Savannah said...

Hey Lou ~ Oh please don't straighten out the spelling! I thought that was so clever and assumed you were talking about cranes (you know, the birds...). Right up there with the infamous synchronocity Robert's always mentioning :-).
Having been dive-bombed by crows myself on a few occasions and relinquished my territory each time, I feel rather cheery thinking this time I will stand my ground and I will be immovable (symbolically speaking, anyway...).

Robert Moss said...

Betsey - I think you're a natural as an augur. That's excellent counsel, and I've handled a number of "inconveniences" (so far) today very much in that spirit.

Jane Carleton said...

Hi Robert, Your auger report is timely. I had a bird fly into my window/skylight this afternoon. This is after a hummingbird flew into my living room two weeks ago and tried to fly out that same skylight, and a few days later a bird flew into the same window, trying to get in...That's three in less than three weeks. Any ideas on "if this were your bird experiences"? Happy Synchronistic Thanksgiving!

Anonymous said...

I'm so glad you've got this bird story-line going on!
About a month ago, I had a hawk sighting that I've been wanting to share.

I was strolling through a tiny bird & butterfly sanctuary just off of Lake Shore Drive (amazing the bits of nature that can be found in the middle of Chicago!), and saw

1) a hawk, flying due west, being chased from above by what may have been a blackbird (was too small for a crow). Humiliating defeat.

2) some minutes later, the hawk returns, flying east this time, (to my right) aiming for a small bird fluttering around among the tops of the prairie plants. The hawk dives after the other bird, but misses and has to struggleto extricate itself from prairie grasses. Frustrating failure, but at least this time the hawk is the one doing the chasing.

3) some more minutes later, same hawk reappears. Again flying east. this time to my left. Dives after another small bird, this time making the kill.

A life lesson on persistence from the hawk, eh?

In this same B&B sanctuary, I saw a garter snake, low-flying bumble bees (passing uncomfortably close to my head), and the most beautiful miniature black panther - which meowed a greeting, but wouldn't come close enough to touch.

It was fun.

Happy Thanksgiving!

Adelita Chirino said...

Hi Robert,
I don't think a red tailed hawk goes by that I don't think of you and of the excellent omen I'm witnessing.

I started a dreaming blog; come visit me:
Thanksgiving blessings and ache,

Robert Moss said...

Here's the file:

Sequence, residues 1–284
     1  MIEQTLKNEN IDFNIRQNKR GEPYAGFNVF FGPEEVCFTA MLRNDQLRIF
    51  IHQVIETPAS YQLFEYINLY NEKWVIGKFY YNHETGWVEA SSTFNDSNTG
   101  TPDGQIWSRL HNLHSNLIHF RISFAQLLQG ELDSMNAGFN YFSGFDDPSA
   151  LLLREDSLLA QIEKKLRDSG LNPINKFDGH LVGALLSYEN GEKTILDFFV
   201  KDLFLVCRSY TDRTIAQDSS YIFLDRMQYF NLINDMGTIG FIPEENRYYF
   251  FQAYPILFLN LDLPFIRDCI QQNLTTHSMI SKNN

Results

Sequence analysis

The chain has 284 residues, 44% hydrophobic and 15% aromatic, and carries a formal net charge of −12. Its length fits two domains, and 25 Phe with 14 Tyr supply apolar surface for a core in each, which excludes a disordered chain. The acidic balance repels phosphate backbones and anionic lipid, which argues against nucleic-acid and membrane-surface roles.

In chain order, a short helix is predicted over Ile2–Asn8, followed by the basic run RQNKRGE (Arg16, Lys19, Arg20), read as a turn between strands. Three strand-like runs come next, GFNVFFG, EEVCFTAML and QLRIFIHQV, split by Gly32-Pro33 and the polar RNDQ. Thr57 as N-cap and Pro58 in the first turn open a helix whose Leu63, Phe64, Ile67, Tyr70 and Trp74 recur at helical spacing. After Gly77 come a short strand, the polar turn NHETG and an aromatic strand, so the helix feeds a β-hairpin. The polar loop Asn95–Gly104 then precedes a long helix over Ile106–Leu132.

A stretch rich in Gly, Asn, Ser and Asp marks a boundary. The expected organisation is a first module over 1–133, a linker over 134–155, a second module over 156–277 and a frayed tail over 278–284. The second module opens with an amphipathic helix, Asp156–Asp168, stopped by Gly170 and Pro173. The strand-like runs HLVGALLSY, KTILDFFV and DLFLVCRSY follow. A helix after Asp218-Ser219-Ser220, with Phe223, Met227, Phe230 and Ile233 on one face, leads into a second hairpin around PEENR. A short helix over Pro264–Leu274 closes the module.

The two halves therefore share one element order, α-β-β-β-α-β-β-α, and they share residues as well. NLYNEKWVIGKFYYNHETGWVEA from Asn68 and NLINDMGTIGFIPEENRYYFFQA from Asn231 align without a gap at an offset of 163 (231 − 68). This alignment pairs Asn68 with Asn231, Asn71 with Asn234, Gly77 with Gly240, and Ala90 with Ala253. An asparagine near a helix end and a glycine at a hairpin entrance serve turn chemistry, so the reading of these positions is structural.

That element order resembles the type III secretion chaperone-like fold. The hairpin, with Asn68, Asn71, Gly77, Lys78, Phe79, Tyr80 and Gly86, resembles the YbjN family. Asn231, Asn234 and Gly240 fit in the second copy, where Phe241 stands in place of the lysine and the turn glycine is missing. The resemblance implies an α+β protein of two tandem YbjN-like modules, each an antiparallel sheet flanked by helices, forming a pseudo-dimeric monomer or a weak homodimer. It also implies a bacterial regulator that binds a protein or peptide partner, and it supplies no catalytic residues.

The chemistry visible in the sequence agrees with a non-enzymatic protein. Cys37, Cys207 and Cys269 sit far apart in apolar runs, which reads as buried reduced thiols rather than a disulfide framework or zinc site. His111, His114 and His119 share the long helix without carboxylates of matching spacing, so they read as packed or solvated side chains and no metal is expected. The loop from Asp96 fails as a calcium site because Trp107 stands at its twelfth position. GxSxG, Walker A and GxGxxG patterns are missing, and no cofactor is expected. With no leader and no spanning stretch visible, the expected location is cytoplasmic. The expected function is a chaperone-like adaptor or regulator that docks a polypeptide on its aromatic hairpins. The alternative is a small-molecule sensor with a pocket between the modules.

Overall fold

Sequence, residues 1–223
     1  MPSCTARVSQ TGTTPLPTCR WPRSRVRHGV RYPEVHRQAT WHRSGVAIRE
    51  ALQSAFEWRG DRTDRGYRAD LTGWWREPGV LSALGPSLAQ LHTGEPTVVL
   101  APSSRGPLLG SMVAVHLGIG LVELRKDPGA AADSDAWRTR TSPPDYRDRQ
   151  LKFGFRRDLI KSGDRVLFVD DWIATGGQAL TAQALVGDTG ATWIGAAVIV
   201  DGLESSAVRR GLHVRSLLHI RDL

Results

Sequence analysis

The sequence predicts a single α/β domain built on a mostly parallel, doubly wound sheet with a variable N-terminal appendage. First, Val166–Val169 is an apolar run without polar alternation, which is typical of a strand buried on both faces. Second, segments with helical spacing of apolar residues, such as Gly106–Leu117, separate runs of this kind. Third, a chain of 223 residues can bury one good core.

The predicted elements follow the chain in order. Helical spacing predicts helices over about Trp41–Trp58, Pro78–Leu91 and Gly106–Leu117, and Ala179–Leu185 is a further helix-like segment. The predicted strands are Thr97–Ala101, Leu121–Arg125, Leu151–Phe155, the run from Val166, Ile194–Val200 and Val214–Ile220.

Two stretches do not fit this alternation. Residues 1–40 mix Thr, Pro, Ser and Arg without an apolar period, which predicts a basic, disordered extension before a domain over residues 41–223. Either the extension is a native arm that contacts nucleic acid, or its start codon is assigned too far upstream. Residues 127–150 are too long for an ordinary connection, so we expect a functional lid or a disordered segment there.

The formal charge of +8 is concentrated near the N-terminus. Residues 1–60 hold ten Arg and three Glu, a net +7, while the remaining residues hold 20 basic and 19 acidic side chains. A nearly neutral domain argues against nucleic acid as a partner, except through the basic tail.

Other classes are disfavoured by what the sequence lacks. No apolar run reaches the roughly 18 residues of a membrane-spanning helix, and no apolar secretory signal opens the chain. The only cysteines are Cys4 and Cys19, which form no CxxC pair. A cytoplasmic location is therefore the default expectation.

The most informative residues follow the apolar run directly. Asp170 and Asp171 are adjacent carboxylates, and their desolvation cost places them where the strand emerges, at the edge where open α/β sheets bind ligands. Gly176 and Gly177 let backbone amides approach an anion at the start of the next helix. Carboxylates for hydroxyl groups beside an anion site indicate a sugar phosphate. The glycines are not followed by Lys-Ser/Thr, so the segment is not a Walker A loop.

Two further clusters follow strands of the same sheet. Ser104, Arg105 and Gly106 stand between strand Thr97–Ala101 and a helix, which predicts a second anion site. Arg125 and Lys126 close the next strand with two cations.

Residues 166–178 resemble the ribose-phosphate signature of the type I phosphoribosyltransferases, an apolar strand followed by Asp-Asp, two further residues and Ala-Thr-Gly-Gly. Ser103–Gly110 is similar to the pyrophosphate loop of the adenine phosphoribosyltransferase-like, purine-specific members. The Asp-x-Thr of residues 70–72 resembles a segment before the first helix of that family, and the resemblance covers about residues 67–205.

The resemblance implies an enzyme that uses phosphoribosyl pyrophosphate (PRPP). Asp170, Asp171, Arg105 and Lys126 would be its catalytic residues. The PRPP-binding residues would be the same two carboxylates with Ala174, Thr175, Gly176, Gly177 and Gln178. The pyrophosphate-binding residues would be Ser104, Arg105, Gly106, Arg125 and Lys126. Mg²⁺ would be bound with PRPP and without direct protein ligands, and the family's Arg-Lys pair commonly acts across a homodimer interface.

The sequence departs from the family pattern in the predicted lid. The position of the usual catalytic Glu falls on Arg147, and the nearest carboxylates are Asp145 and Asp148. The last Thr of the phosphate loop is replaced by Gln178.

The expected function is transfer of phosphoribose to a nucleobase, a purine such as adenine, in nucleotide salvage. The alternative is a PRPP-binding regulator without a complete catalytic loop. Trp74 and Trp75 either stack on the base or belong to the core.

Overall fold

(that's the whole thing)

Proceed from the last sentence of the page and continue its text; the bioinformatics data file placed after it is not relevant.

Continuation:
Hi Jane E - Your bird signs (if they were mine) would be a great opportunity to play at developing some practical superstitions. I'm being deliberately provocative, because there are lots of hand-me-dwon superstitions that generally make it out to be a very bad omen if a bird flies into your house or just into your window, and I'm not inclined to go with any of that without checking (A) my feelings and (B) any follow-up to the incident and above all (C) helping the bird in question to get where it needs to be. I'm assuming the hummingbird left in one piece, yes? That's a bird of such great heart; it has the strongest heart, in proportion to its body mass, of any warm-blooded life on our planet. My hunch would be that it entered my space with a message relating to matters of the heart.

The other birds banging against windows or skylights (if I have that right) may also be trying to get a message through to me. Of course, they may be just flying at their own reflections, or unable to recognize an invisible barier - and I guess I would ask myself whether either of those possibilities could reflect in any way my own situation.

Robert Moss said...

Labas Ginta - Wow, I'm so glad that hawk found some space and some lunch in the end. Happy Thanksgiving to you!

Robert Moss said...

Hola Adelita, and welcome to the blogosphere! Thank you for all you are giving to spreading the gifts of dreaming, not least to children. I hear every week from people all over the world who are working with the marvelous "Way of the Dreamer" DVD series you and Jim helped to create, which provides depth - and fun - instruction in the core techniques of Active Dreaming, helpful both for those who cannot get to a live workshop and those who wish to deepend their practice in order to lead dreaming circles or qualify for my Dream Teacher Training.

Worldbridger said...

I think that a crucial aspect of interpreting an omen is the state of mind and the direction of one's thoughts at the time one's attention is drawn to the event (birds or whatever.)

If the event recurs, a relationship is being established. As time goes on, does the relationship develop? If so, how?

Daughter of God said...

Black birds sybolizes the dark side and evil. The hawk represents the light.
The hawk withstanding the barrage being sent to it, means that, one alone, can withstand all that the dark side has to offer.
The hawk needs other hawks to arise and emerge and stand with the lone hawk, in order to fulfill prophecy and bring the darkness to an end.
The Hawk derives its power from trust in and prayer to God. When all around us is a lie, when we can trust no one, when the end is near...when we question all, the only safe place to go is directly to God ( regardless of what name as a human you give Him/Her, or what "manmade" religion you subscribe to, all begin with and are a part of GOD.
However, the line has been drawn; you cannot serve two masters.
Either you trust in God or you trust in man...based on history and on the fallibility of human beings, I certainly would not put my trust in any human being.

The message is is always more important than the messenger and it always comes from God. Get rid of idols and symbols. Go direct. YOu'll be glad that you did..for only God can fix the unfixable that mankind has created and that mankind can no longer control.